The youth found creative ways to both upcycle and recycle. For example, the cooking club encouraged healthy eating by canning and preserving foods grown right on the property. Members harvested cucumbers to make both sweet and dill pickles, using dill from their herb garden. They made pesto with their basil, coriander from their cilantro seeds and rubs from other dried herbs. Children dried sage and made gift packets to give to each customer who makes a purchase at their annual sweet potato sale in the fall. When a generous donation of blueberries arrived, they made jams and jellies.

 

Yoga classes are popular with 4-H students. The classes meet both inside and outside.

Other areas suddenly took on new life, as well. The art room attracted many local artists, who donated their time. One potter even brought his kiln for 4-H members to use. The AR Library grew beyond any expectations with students and community members donating books. Many parents reported that AR points increased after the library opened.

The Leadership and Green Thumb Clubs provided upkeep and maintained the gardens during summer months. The gardens thrived, giving students many hands-on opportunities to share vegetables with shut-ins, senior citizens and anyone else that had a need.

To show the Gordo community their appreciation, 4-H’ers and their parents joined together on National 4-H Day of Service to spruce up the downtown area. They cleaned windows, swept sidewalks, and redid flowerbeds at the Senior Center. Many people spotted the group working and joined in with rakes and blowers.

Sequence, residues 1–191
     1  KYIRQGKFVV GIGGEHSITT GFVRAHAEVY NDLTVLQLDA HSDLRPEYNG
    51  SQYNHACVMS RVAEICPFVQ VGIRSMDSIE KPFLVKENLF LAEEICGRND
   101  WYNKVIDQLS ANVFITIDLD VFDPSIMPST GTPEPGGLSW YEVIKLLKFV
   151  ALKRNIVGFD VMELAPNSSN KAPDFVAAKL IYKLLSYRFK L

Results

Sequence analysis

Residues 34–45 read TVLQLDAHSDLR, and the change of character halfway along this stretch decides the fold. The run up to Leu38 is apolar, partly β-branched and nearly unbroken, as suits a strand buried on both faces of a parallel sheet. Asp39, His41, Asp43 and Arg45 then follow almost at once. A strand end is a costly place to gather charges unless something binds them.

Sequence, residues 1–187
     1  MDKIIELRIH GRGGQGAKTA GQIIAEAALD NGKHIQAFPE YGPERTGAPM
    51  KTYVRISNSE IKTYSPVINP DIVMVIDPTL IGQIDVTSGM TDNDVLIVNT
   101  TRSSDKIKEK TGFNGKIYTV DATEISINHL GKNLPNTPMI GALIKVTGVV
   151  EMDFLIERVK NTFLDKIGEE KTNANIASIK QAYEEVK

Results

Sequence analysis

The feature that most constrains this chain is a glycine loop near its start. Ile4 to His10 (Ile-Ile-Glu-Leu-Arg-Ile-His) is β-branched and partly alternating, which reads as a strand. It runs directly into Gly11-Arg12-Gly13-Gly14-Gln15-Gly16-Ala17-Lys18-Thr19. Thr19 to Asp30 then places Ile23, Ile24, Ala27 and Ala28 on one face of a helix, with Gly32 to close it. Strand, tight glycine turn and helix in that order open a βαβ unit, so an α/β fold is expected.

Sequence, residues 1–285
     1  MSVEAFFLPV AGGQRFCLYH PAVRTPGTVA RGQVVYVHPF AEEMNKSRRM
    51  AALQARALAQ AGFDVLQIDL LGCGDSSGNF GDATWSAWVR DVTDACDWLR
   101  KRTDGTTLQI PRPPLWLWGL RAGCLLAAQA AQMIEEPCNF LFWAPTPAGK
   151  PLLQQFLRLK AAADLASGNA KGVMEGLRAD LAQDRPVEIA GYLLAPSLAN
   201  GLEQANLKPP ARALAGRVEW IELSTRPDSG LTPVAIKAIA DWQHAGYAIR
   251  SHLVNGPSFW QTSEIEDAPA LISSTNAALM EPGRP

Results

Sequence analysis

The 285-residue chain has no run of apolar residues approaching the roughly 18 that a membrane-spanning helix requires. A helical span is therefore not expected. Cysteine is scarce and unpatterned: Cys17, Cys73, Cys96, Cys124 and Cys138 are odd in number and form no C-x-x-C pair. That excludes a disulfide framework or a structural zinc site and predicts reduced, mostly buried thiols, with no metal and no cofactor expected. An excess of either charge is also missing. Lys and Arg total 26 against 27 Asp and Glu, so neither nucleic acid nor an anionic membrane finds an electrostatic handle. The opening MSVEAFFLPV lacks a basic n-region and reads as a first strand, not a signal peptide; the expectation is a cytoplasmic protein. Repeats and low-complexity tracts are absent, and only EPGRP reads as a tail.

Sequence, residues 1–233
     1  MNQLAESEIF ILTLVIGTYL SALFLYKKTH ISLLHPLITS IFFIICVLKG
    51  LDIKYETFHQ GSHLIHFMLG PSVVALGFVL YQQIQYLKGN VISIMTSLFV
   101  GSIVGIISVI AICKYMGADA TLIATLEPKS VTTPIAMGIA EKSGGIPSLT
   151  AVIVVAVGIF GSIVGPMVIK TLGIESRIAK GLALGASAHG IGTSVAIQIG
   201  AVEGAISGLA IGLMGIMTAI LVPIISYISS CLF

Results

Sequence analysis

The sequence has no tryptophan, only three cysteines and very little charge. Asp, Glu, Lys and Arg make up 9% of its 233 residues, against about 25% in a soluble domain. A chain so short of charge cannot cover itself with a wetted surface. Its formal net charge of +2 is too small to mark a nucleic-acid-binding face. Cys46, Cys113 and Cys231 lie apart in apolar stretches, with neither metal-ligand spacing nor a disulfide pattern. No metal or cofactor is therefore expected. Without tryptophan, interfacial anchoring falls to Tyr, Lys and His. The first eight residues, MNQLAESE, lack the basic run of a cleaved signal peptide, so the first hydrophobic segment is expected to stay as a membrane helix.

Every town in Pickens County is now represented in the after-school programs, and the old house has become a beloved community home, proudly bearing the name "4-H Educational Center" with eleven 4-H clubs meeting inside. Rarely does Newman arrive for work that she does not find "blessings" on the porch, blessings like paper towels, material for sewing, AR books or many other goodies.

Chloe Abernathy and Allibess Dyer work on a community raised garden. When the vegetables were harvested, they were given to shut-ins and senior citizens.

 

All of this started with one volunteer, who simply wanted to help children. Her idea sparked a restoration that changed a community.

"Amanda Newman has a heart for youth," stated Chelsey Gann, 4-H Foundation Regional Extension Agent. "We are a 4-H team, and we work together to create great opportunities for our children. She is the best volunteer in the state!"

Newman takes no credit for her hard work. Instead, she is already thinking of other ways the home might be used for children.

"The kids and the people of Pickens County have far surpassed my expectations," Newman said. "This has been an incredible journey, but we are not finished! "

By joining hands to help children, one community transformed a neglected old house into a home, alive with the voices of heart-happy children, laughing, learning, and living life. In so doing, they found a community hub where they can come together to improve life for all.

 

Carolyn Drinkard is a freelance writer from Thomasville. She can be reached at This email address is being protected from spambots. You need JavaScript enabled to view it..